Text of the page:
I ran breaching and clearing drills and 1-5 drills with three of my rifles - SPR, M16A4, and an M4. On my SPR, I alternated between an Aimpoint and an ACOG (with piggyback red dot), and I found most drills to be virtually identical. The 1-5 saw a marked advantage with the Aimpoint.

Having a "musket" (M16A4 clone) limited maneuverability slightly, but not as much as some would have you believe. Oh, and the retired Army guys really got a kick out of seeing a man successfully breaching and clearing with a rifle. When they found out I own an M1, they asked if I'd do a breaching and clearing round with the M1... sadly, I'd left it at home.

Fitness is crucial. I never got winded nor tired. In fact, in a group debriefing, it was a shock to some of my fellow 40-plus folk that I was in their age bracket.

Marksmanship is crucial. It didn't take long (end of the first string of 5 rounds) for the instructors to realize that my marksmanship was tops among the students present. Of course, they were eager to see if I had any speed for the 1-5 drills... and they were not disappointed.

"Driving" your rifle (or carbine) is crucial when changing targets, and when clearing.

I loaned out my rifle and my carbine to other shooters for clearing and shooting drills. The younger shooters really liked the M4 carbine I brought and the Eotech sight on it. The older guys really liked the M16A4 clone. Several asked me about how to build one.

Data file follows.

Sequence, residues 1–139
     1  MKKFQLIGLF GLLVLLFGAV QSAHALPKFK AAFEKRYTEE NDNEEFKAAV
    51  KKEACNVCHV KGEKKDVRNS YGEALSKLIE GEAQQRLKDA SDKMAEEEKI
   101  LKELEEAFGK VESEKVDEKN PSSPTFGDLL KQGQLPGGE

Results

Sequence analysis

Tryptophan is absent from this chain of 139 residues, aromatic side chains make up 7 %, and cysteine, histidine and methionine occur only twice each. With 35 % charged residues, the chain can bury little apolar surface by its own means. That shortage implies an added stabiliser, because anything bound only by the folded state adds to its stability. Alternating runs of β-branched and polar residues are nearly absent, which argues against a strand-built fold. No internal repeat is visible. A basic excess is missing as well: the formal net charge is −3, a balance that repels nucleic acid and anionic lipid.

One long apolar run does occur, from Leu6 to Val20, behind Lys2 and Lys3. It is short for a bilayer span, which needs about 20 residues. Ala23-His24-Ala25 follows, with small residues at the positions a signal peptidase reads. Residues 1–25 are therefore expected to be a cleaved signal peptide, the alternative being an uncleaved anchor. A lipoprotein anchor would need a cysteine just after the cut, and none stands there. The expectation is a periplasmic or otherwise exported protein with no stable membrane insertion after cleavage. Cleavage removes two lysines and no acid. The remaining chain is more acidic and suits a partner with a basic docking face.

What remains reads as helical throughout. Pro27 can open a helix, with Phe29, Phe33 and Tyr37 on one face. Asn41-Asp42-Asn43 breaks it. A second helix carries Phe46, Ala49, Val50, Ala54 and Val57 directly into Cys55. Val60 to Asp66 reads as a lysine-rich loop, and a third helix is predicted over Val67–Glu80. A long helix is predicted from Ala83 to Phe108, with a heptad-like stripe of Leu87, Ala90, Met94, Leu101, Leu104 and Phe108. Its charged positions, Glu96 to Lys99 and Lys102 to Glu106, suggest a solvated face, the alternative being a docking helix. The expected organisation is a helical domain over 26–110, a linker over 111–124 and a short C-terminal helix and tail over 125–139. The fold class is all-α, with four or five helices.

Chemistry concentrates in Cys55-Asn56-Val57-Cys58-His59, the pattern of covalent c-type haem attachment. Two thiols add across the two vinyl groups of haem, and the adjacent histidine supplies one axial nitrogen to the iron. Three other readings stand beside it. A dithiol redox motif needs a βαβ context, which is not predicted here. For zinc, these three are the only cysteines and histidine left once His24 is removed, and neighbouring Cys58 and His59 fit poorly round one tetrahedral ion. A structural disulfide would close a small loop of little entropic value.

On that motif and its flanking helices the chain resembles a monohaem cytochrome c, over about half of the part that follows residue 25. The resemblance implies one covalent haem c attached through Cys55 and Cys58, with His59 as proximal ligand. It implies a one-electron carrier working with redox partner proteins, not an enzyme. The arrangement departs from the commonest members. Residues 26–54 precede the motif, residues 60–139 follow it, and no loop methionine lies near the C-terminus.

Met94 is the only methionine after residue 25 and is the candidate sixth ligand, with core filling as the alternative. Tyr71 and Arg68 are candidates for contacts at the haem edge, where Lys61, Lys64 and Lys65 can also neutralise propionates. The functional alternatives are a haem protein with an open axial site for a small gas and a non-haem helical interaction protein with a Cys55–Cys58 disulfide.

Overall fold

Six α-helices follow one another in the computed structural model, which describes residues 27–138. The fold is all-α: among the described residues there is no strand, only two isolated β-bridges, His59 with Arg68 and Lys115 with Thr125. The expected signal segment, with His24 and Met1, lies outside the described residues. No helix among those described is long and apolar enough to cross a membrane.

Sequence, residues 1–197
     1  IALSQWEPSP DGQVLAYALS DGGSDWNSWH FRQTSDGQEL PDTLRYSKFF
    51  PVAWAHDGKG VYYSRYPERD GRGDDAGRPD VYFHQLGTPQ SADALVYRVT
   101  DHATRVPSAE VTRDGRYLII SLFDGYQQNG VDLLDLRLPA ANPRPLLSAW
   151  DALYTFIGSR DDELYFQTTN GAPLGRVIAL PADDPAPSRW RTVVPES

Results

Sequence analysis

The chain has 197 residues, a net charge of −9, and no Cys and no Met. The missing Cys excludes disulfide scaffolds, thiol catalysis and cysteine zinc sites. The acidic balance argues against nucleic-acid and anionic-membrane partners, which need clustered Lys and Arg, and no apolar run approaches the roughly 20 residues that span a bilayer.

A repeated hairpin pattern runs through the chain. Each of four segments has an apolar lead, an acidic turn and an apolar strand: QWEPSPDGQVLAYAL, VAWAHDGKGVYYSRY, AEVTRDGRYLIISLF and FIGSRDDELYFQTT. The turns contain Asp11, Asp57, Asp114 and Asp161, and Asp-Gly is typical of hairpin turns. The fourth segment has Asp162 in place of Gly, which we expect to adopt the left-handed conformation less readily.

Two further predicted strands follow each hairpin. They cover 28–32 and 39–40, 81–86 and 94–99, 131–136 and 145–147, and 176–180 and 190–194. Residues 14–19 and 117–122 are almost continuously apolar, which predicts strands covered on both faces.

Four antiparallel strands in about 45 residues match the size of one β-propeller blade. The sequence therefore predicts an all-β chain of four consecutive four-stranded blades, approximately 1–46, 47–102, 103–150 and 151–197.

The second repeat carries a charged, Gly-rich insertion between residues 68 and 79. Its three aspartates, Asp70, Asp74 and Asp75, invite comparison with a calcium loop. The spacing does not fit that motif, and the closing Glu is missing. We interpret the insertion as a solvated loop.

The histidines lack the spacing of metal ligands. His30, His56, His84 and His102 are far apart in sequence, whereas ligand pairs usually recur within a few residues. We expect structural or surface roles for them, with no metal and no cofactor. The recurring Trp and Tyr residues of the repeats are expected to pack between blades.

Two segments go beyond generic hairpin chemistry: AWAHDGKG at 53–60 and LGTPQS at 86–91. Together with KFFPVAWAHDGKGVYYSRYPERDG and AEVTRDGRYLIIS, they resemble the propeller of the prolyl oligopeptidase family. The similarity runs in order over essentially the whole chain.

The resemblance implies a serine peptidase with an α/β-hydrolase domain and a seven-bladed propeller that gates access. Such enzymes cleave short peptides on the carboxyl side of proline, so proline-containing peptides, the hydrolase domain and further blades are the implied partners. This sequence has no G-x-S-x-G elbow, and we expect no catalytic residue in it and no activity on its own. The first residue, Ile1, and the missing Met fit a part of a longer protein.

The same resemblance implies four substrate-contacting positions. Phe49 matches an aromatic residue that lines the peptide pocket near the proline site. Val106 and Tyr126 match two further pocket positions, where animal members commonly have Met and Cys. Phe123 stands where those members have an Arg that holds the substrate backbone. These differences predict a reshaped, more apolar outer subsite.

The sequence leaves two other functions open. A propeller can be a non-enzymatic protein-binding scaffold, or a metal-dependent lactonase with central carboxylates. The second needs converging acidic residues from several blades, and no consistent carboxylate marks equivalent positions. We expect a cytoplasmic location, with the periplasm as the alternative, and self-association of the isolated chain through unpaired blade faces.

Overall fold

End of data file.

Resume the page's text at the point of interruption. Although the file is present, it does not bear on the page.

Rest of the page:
Our host was a remarkable host. Attentive, and a quality instructor. He went out of his way to make sure everyone felt welcome. No names here, but I'd worked with him before, and he is as quality a guy as you're likely to come across.

Watch for windows.

Gear & Weapons
I think I may buy a Primary Arms red dot and put on the M16A4 clone. That, plus the Primary Arms PAC3X scope would make an ideal combo.

My SPR was as fast as any carbine, weighs similar to a carbine, had the least recoil on the range, and still retains most of the velocity of a 20" rifle. This shall be my go-to SHTF gun. Of course, I already knew that... I'd built the gun specifically around that type of mission.

My drop-leg holster for my sidearm drops a but more than I prefer. This shall be remedied.